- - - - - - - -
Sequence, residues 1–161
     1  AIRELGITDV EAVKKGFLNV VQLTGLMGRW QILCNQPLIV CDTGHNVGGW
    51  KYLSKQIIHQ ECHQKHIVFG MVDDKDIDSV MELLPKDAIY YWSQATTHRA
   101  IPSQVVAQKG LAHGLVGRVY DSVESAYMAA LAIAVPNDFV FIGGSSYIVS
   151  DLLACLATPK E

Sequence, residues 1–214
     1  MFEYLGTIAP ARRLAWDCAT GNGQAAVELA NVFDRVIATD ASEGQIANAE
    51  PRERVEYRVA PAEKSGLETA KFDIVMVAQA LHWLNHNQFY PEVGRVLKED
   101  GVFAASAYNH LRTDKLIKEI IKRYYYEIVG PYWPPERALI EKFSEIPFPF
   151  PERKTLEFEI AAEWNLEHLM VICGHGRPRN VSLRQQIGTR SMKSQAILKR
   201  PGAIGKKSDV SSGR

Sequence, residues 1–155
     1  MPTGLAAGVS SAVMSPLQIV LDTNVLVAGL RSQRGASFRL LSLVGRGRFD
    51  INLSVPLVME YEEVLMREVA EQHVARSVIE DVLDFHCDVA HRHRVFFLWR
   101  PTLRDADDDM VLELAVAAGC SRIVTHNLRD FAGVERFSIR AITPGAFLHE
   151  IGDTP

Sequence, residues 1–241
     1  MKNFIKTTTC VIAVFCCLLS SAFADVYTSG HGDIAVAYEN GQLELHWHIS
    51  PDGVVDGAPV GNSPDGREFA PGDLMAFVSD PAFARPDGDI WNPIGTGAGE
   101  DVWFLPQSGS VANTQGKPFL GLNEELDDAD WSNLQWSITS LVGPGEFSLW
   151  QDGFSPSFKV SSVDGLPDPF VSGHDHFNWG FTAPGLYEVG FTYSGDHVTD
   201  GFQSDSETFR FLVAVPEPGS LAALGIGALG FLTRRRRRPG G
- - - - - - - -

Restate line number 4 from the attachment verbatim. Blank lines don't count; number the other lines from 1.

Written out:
   101  IPSQVVAQKG LAHGLVGRVY DSVESAYMAA LAIAVPNDFV FIGGSSYIVS